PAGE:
HOFFMAN ESTATES, Ill. — Defense took the Triad girls soccer team for a big ride.
It's the third state championship for the Knights (24-0-1), who rattled off 15 consecutive shutouts to end the season. They shut out 22 of their 25 opponents, allowed only three goals and won 24 games in a row after tying Granite City in their opener.
Triad also won Class 2A titles in 2011 and 2017.
"I couldn't be more proud of our defensive effort, especially in the second half," said Knights coach Matt Bettlach, whose team has relied heavily on seniors Savannah Stauffer and Emily Rosenthal and juniors Avery Bohnenstiehl and Brynn Pressley. "That's been our strong suit all year. It starts in the back for us. We had to make some adjustments (against Joliet Catholic) because they were leaving three, four, sometimes five girls up top. The girls handled it really well."
Triad's defensive effort made a first-half goal by senior Gracie Giacoletto hold up against the talented Angels (16-2-1).
Giacoletto was standing in the box when sophomore Laney Harshany deposited a flip-throw from the side into traffic. The ball eluded Joliet Catholic goalkeeper Faith Peitras and bounded to the feet of Giacoletto, who finished her eighth goal of the season.
"In previous games, I've scored off Laney's throw-ins," Giacoletto said. "I knew I had to get it in. I was determined to do it. I couldn't do it without her and everybody else. It was very exciting, for sure. There was still 60 minutes to play ... but it was definitely relieving. I was confident in our defense that they weren't going to let in a goal."
Giacoletto wasn't entirely certain how the ball got to her feet. She was positioned near the 6-yard line in the middle of Joliet Catholic's penalty area.
"I couldn't see," said Giacoletto, an Appalachian State signee. "My eyes may have been closed."
Bettlach is accustomed to seeing Giacoletto come through in similar situations, particularly late in the season.
"Gracie just has that knack," Bettlach said. "She knows where to go and she's aggressive. Early in the year, we weren't getting on the other end of those flip throws. I told the girls, 'If you want to be successful in the playoffs, it's corner kicks and set plays. That's going to win games; that's going to win championships.'
"Our girls have really buckled down, especially on the flip throws. Those are so dangerous. Laney gets them in there so deep, and Gracie knows what to do. She just goes after it."
A 1-0 lead against Joliet Catholic, Bettlach said, didn't seem nearly as secure as it might against a regular-season opponent. The Angels were a quick, physical team with scoring prowess all over the field, especially from seniors Morgan Furmaniak and Alaina Wildenradt.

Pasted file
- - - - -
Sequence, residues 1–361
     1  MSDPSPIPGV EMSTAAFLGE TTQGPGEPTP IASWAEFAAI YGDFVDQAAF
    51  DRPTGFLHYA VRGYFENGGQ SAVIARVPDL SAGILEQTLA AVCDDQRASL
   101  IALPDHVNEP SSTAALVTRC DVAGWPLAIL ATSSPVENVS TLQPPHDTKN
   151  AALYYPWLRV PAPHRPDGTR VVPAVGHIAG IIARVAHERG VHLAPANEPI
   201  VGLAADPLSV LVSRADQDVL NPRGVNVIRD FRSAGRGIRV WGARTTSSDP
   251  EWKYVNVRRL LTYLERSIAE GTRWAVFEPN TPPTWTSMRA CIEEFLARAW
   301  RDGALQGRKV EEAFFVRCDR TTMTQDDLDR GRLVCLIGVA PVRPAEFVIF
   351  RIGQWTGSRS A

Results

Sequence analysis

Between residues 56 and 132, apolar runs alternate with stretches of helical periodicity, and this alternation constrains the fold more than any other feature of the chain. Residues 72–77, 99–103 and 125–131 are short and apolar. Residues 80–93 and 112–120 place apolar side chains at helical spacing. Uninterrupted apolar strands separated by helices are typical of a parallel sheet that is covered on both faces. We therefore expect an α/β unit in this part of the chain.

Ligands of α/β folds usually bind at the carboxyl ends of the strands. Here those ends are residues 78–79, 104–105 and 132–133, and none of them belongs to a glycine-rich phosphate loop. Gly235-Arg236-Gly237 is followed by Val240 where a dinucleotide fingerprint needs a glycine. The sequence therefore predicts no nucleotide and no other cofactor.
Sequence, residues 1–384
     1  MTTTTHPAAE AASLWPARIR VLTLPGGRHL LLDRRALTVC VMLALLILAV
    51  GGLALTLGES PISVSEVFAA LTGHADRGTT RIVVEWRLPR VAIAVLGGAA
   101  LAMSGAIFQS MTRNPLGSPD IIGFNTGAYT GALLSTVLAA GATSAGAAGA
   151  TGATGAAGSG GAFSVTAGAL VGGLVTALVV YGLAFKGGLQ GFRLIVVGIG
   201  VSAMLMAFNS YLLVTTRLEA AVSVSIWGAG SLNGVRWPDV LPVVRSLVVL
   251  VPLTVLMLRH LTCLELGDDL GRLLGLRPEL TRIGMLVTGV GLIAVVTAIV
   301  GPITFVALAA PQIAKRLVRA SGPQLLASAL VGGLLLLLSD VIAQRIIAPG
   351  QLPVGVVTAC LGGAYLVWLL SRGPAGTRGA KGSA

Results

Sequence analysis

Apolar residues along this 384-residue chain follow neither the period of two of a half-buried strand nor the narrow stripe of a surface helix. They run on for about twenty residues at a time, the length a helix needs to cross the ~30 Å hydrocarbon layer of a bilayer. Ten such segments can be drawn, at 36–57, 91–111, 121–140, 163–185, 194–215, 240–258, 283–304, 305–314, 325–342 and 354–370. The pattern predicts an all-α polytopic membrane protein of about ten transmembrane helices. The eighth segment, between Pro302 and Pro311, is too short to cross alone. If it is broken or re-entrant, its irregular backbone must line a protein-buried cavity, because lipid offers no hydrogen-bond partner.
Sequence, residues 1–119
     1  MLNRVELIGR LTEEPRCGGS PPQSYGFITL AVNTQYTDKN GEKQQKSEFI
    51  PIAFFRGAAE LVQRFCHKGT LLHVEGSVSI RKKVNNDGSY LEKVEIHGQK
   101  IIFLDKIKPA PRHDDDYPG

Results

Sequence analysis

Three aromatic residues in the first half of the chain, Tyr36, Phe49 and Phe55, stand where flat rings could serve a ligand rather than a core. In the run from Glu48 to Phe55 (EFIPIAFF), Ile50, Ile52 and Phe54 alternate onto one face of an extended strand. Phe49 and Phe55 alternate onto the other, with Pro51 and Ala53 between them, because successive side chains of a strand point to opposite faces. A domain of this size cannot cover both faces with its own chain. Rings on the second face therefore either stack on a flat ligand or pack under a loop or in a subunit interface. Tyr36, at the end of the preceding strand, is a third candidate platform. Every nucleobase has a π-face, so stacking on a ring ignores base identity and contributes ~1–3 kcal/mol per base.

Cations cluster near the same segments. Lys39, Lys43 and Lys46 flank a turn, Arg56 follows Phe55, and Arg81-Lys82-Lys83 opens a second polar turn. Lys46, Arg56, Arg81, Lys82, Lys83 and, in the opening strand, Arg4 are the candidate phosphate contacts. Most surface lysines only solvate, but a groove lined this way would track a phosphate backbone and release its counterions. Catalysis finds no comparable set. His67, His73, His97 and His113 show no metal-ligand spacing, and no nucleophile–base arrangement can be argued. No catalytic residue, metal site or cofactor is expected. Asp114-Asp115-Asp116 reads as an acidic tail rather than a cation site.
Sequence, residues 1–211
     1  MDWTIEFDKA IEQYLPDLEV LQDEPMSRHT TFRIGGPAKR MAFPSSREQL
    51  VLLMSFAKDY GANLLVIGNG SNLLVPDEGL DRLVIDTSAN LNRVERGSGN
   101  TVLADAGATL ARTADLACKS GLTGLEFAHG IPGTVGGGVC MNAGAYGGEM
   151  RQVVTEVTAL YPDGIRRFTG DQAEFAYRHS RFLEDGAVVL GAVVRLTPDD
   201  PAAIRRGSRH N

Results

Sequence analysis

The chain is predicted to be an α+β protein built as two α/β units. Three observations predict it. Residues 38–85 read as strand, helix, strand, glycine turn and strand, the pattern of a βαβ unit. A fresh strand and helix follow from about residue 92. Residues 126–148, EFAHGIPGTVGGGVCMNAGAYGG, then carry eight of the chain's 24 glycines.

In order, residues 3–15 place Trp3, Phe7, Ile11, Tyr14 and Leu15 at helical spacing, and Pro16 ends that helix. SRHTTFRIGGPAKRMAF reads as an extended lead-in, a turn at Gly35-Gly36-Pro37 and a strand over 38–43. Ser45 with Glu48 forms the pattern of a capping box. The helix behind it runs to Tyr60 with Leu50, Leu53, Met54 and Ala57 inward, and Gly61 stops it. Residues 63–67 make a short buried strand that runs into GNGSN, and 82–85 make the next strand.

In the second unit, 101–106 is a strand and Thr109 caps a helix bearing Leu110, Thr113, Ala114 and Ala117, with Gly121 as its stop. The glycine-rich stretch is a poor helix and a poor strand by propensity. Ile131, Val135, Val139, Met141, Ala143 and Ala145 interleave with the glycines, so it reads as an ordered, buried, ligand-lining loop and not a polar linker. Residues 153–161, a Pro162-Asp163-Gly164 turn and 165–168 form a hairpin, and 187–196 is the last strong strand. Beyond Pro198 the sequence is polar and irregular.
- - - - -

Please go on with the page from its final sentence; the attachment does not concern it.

"Did I feel good about getting a goal? Absolutely," Bettlach said. "But against that team, man. Joliet Catholic was very, very good, one of the best teams we've seen all year. They're so big and strong in the midfield. I knew it was going to be a huge effort on our part to keep them off the board."
Stauffer said the challenge was indeed monumental. Furmaniak entered the game with 39 goals after collecting three in the semifinals Friday in a 7-1 triumph over St. Ignatius.
"Going into this game, we watched film and heard sources tell us that (Furmaniak) was going to be hard to mark, and she was," Stauffer said. "As we shut her down, it shut their team down person by person. They realized the person they usually go to wasn't there anymore. I made her job a lot harder and she made my job hard. She was phenomenal."
Twin goalkeepers Kendall and Reagan Chigas shared the shutout in goal for the Knights, who also defeated Joliet Catholic in the third-place game in 2019. Kendall started the game, with Reagan taking over in the second half.
Stauffer said camaraderie helped make Triad's defense so effective. Joliet Catholic mustered just three shots, which was one more than the Knights.
"Outside of soccer, we're so close," Stauffer said. "And we know each other from playing club. You put a bunch of great girls in a room together with great character and personality, and we're just going to click. It created good soccer chemistry."
Stauffer's sister Madisyn was a member of the Knights' championship team four years ago as a senior.
"I get to finally feel what she felt," Savannah Stauffer said. "Being able to finish off the season like this is such a great feeling. Now we get to go on a bus for four hours and not be sad. We get to celebrate, sing, dance. We even brought our wigs."